The anti-corruption commissioners in Darwin and Adelaide are both worried that public servants are too reluctant to tell them about misconduct and maladministration, while in Canberra, a Senate inquiry into the taxation watchdog’s performance highlights what they are afraid of.
The Northern Territory’s Independent Commissioner Against Corruption, Ken Fleming, believes some agencies are not reporting all the matters they should, partly due to a culture that discourages people from speaking up about wrongdoing.
“If such a culture exists, it must change,” writes barrister Bruce McClintock, who notes Fleming’s concern in his first report as NT ICAC inspector (a part-time role he also performs in New South Wales).
McClintock has heard NT public servants are afraid to send disclosures to the ICAC, where required by law, because they fear reprisals.
“If that is the case, it is highly regrettable, and action should be considered by way of legislative amendment to strengthen whistleblower protection,” comments the watchdog’s watcher.
“If, as the [ICAC] General Manager has informed me, 16 out of 16 whistleblowers have had reprisals taken against them, it is extremely disturbing.”
McClintock suggests it might help to put the ICAC in charge of whistleblower protection instead of the agencies that employ the whistleblowers.
“The NT must challenge the adage that it’s ‘un-Australian’ to dob-in a corrupt official, colleague or competitor,” Fleming writes in his annual report.
“It is unfortunate in our society that the actions of the few corrupt and deceitful people in public administration mean that all public servants are burdened with increasing layers of regulation and oversight.”
The South Australian ICAC, Bruce Lander, recently made similar observations in a mass email to the state’s entire public sector: too many people do not follow ICAC reporting obligations. Like Fleming, Lander pointed the finger at “poor reporting cultures” in some agencies.
“Public officers should never be discouraged from, or punished for, reporting wrongdoing to their agencies or the Office for Public Integrity,” he wrote.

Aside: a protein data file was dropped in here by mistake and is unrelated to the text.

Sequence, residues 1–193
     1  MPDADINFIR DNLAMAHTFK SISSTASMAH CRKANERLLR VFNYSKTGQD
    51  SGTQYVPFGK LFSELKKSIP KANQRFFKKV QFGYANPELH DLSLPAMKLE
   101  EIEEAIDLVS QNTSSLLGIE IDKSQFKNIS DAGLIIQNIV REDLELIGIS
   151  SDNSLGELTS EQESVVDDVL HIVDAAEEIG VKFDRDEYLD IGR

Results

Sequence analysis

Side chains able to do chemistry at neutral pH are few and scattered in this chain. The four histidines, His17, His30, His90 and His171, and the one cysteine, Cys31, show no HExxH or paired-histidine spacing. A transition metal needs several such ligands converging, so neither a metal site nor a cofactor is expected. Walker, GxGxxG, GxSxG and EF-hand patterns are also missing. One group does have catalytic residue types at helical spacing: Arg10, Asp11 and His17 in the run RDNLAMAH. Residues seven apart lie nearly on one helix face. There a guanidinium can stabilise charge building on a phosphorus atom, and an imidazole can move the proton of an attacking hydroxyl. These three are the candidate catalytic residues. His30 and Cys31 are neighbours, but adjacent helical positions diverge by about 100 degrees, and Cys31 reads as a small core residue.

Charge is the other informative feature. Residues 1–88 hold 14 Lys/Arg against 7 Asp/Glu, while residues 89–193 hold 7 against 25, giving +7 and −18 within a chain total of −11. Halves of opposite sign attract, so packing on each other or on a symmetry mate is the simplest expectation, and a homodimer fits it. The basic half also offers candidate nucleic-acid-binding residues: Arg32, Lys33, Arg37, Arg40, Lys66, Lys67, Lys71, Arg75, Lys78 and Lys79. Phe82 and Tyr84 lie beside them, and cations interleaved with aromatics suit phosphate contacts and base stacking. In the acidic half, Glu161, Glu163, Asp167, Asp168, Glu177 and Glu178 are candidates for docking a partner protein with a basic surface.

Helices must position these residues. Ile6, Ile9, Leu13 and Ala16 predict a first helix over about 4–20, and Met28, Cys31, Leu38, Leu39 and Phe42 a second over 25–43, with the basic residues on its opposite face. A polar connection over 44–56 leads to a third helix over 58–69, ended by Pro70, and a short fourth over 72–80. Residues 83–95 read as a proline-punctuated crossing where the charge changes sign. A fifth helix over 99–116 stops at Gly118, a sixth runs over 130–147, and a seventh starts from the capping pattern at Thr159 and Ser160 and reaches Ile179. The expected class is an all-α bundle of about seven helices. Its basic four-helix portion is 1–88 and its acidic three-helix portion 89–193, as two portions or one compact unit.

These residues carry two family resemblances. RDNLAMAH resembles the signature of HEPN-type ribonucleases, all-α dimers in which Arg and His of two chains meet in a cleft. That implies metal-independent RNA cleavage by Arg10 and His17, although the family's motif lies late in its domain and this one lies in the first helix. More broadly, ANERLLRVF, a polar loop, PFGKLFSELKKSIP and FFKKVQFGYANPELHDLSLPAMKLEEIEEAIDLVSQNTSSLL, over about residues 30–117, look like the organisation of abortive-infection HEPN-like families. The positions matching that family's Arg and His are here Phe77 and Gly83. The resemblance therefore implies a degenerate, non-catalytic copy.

Lander is hopeful SA’s new Public Interest Disclosure Act will “go some way to supporting and protecting” whistleblowers. “I also hope it will convince agencies more broadly to listen to their staff about matters that they should rightly be interested in and appropriately acting upon.”
In Canberra, a Senate committee probing the performance of the Inspector-General of Taxation has turned a spotlight on the experiences of tax officials who have faced a hostile response from the Australian Taxation Office after reporting perceived wrongdoing.
Ron Shamir contacted the IGT in 2014 and was then legally compelled to provide further information, meaning he was also theoretically protected from detrimental action as a result. “The IGT promised me protection for making a disclosure and no protection was afforded to me as the process unfolded,” he told the committee.
Shamir says he was terminated a day after the IGT sent a message about its investigation to the ATO, which disputes that timeline and says he was let go for other reasons. The inspector-general essentially accepted this as did the Fair Work Commission in rejecting an unfair dismissal claim. The inquiry heard he hadn’t worked since then and his family had lived in poverty for over four years.
Senator Rex Patrick is highly critical of the IGT for failing to challenge this dismissal as a crime under its legislation. Shamir says the inspector-general was too cooperative with the ATO.
The recently appointed inspector-general of taxation, Karen Payne, pointed out tax officials have no legal protection when they first approach the IGT — now additionally styled as the Taxation Ombudsman — to report something suspicious. Whistleblower protection in the IGT Act only kicks in when the office begins a formal investigation. Payne agreed this was a “chicken-and-egg” problem.
Ken Fleming believes the NT and other Australian jurisdictions “must do more” to protect whistleblowers. He will shortly issue new guidelines on: integrity education and training; policies and procedures; responsibilities and resources; organisational culture; and management of situations where reprisals are possible.
Policies and procedures are good but workplace culture is “far more critical” and, as always, leadership is the key factor. Fleming says managers and supervisors have to take the lead on cultural change and managing disclosures.
“I would like to thank the brave people who have come to me personally, and to my office, to report improper conduct,” he adds. “I seek their patience and understanding as we establish and embed the people and processes to assess and investigate their reports.”
At least two current investigations are likely to involve public hearings, according to McClintock, who reports these are historical matters from several years before the NT ICAC’s establishment.